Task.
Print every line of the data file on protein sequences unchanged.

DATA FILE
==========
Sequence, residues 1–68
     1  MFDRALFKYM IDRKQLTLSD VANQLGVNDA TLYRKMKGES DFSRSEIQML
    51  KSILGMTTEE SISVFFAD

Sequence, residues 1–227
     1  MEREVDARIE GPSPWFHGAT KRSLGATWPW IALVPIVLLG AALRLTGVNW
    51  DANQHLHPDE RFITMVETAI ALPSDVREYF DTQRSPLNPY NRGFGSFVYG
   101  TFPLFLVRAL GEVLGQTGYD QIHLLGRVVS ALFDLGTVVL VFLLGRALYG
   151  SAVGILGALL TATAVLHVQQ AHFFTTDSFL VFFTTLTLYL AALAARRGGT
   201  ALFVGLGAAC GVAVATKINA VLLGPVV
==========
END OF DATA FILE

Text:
Sequence, residues 1–68
     1  MFDRALFKYM IDRKQLTLSD VANQLGVNDA TLYRKMKGES DFSRSEIQML
    51  KSILGMTTEE SISVFFAD

Sequence, residues 1–227
     1  MEREVDARIE GPSPWFHGAT KRSLGATWPW IALVPIVLLG AALRLTGVNW
    51  DANQHLHPDE RFITMVETAI ALPSDVREYF DTQRSPLNPY NRGFGSFVYG
   101  TFPLFLVRAL GEVLGQTGYD QIHLLGRVVS ALFDLGTVVL VFLLGRALYG
   151  SAVGILGALL TATAVLHVQQ AHFFTTDSFL VFFTTLTLYL AALAARRGGT
   201  ALFVGLGAAC GVAVATKINA VLLGPVV